These findings imply that if two subjects have the same mean telomere length, the subject with increased heterogeneity (i.e., the older one) is likely to have a greater proportion of shorter telomeres in the stem cell compartment. The presence of just one critically shortened telomere may be sufficient to induce senescence (though this hypothesis is controversial; hence, telomere length heterogeneity may provide useful information that mean telomere length alone cannot.

The impact of sex on telomere length is the subject of some debate, with some studies reporting longer telomeres in women, while others show no difference. The present study may shed a little light on the subject: women were found to have longer lymphocyte telomere lengths, while granulocyte length did not differ. Thus, the relative number of each cell type in prior studies may skew interpretation of the data.

All subjects in this study were physically fit, walking or exercising “at least 20 km/week”; the authors stress this point in the methods, but fail to mention it in the discussion. This is disappointing in light of a recent high-impact study demonstrating that exercise improves the cardiovascular risk profile, increasing telomerase activity in peripheral blood mononuclear cells. The study may have aimed to examine the “healthiest” possible subjects, but as a consequence the results may not be representative of the general population.

Overall, this study highlights the importance of analyzing cell types individually to avoid the impact of differences in the ratios of cell type on interpreting telomere length data from peripheral blood. Furthermore, it adds telomere length heterogeneity to the list of important factors requiring further study.

Since the first report of induced pluripotent stem cells in 2006, the field of regenerative medicine has been buzzing about the potential for such cells to provide a source of cells that avoid the ethical minefield that plagues the use of embryonic stem cells.

The original paper demonstrated that simply over-expressing four “reprogramming” factors (4F) allowed reprogramming of differentiated mouse and human cells into iPS cells, but a thorough characterization of the resulting cells is still underway. iPS cells exhibit telomerase activity (as do ES cells), but whether this is sufficient to restore telomere length, or if telomeric chromatin acquires ES-like characteristics, remains unclear.

To address these issues, a team led by Maria Blasco generated iPS cells using either the standard 4 factors (4F), or omitting cMyc (3F), from wild-type and telomerase-deficient mice (both young and old), and investigated various aspects of telomere dynamics:

Telomeres Acquire Embryonic Stem Cell Characteristics in Induced Pluripotent Stem Cells

Telomere shortening is associated with organismal aging. iPS cells have been recently derived from old patients; however, it is not known whether telomere chromatin acquires the same characteristics as in ES cells. We show here that telomeres are elongated in iPS cells compared to the parental differentiated cells both when using four (Oct3/4, Sox2, Klf4, cMyc) or three (Oct3/4, Sox2, Klf4) reprogramming factors and both from young and aged individuals. We demonstrate genetically that, during reprogramming, telomere elongation is usually mediated by telomerase and that iPS telomeres acquire the epigenetic marks of ES cells, including a low density of trimethylated histones H3K9 and H4K20 and increased abundance of telomere transcripts. Finally, reprogramming efficiency of cells derived from increasing generations of telomerase-deficient mice shows a dramatic decrease in iPS cell efficiency, a defect that is restored by telomerase reintroduction. Together, these results highlight the importance of telomere biology for iPS cell generation and functionality.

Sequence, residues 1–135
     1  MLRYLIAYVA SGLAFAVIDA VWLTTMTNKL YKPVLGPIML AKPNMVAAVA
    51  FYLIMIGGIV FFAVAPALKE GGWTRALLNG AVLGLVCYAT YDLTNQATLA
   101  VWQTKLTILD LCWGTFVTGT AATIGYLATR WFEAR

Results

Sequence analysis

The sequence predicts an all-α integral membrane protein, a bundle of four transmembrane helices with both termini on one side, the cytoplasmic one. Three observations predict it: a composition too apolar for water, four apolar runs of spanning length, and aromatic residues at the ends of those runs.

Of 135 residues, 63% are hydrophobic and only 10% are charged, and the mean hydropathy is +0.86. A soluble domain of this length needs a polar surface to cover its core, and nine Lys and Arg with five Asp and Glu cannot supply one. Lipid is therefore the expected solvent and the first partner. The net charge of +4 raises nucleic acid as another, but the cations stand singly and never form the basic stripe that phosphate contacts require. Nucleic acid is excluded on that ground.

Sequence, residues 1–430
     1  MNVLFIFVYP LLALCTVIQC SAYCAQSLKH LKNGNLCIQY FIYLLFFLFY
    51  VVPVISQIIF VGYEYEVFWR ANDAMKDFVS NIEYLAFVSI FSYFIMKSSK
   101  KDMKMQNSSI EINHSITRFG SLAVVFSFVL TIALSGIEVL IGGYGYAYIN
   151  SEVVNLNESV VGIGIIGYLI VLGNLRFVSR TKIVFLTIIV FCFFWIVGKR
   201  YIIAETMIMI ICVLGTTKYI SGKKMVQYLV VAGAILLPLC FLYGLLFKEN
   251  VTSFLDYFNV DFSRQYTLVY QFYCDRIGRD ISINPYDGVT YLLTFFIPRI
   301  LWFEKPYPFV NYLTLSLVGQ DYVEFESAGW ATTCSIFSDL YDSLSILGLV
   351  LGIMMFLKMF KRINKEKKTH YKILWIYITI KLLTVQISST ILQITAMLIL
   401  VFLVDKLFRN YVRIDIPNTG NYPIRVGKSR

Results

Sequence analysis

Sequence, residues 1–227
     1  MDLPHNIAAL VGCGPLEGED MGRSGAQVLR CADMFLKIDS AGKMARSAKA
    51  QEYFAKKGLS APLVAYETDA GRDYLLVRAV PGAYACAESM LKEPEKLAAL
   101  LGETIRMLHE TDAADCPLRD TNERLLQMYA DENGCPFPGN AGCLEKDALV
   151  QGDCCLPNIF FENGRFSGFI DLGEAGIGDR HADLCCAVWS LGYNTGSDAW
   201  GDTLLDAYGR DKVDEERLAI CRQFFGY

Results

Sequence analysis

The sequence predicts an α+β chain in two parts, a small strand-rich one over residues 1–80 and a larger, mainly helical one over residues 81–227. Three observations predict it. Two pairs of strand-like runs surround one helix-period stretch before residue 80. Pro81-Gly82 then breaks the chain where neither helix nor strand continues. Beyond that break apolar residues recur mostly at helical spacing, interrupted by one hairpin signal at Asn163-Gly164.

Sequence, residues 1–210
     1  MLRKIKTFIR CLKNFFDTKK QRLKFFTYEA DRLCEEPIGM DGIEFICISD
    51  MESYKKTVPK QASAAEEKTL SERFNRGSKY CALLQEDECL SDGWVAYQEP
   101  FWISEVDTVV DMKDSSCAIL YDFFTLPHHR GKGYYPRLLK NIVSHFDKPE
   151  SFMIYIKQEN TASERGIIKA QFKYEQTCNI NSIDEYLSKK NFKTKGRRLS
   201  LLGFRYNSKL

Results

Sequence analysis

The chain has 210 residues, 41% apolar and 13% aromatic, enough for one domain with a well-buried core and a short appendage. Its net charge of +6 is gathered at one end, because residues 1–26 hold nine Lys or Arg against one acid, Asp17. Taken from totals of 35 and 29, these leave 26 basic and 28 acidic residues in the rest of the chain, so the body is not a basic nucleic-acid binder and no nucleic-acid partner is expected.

The key findings were (1) in telomerase-competent cells, telomere lengthening occurs via telomerase extension (rather than via a recombination), and (2) telomeric chromatin acquires ES-like characteristics. Furthermore, cMyc (one of the original 4 transcription factors used to generate iPS cells ) is dispensible for telomerase activation in mouse iPS cells (telomerase activity was only marginally lower in the absence of cMyc).

The authors also derived iPS cells from telomerase-deficient G1 (first generation) mice. It became clear that while telomerase activity is not limiting for in vitro iPS cell proliferation when telomeres are long (as is the case in G1 mice), these cells were nonetheless severely impaired in their ability to generate viable mice. Furthermore, the efficiency of iPS cell generation from telomerase-deficient G2 and G3 mice dropped significantly, indicating that telomere shortening is a critical barrier to iPS cell generation. Consistent with this, the cells exhibited an increased number of signal-free ends and chromosome end-to-end fusions, both events that are common in cells with very short telomeres. Crucially, re-introduction of telomerase into G3 telomerase-deficient mice restored iPS cell production efficiency, despite the cell inheriting short telomeres from their G2 deficient parents.

Overall, these findings highlight the role that telomere/telomerase dynamics play in successful iPS cell generation and provide evidence that cells from older donors are suitable. The caveat is that telomerase activity is vital if iPS cells are to be generated from cells with short telomeres. (Obviously!)

Two special journal issues of note to biogerontologists:

I included the ISBNs because publishers have an annoying way of using very temporary, dynamic links to journal issues (so far as I know, there’s no DOI-equivalent yet for specific issues of a given journal), so I am betting those links will be broken in a month or so.

Just reminding you that the abstract deadline for the CSHL meeting on “Telomeres and telomerase” is tomorrow, February 6th. The conference itself starts on April 28th.

Here’s the latest in our series of review roundups — links, without extensive further comment, to the reviews I found most intriguing over the past few weeks. For the previous foray into the secondary literature, see here.







Stem cells: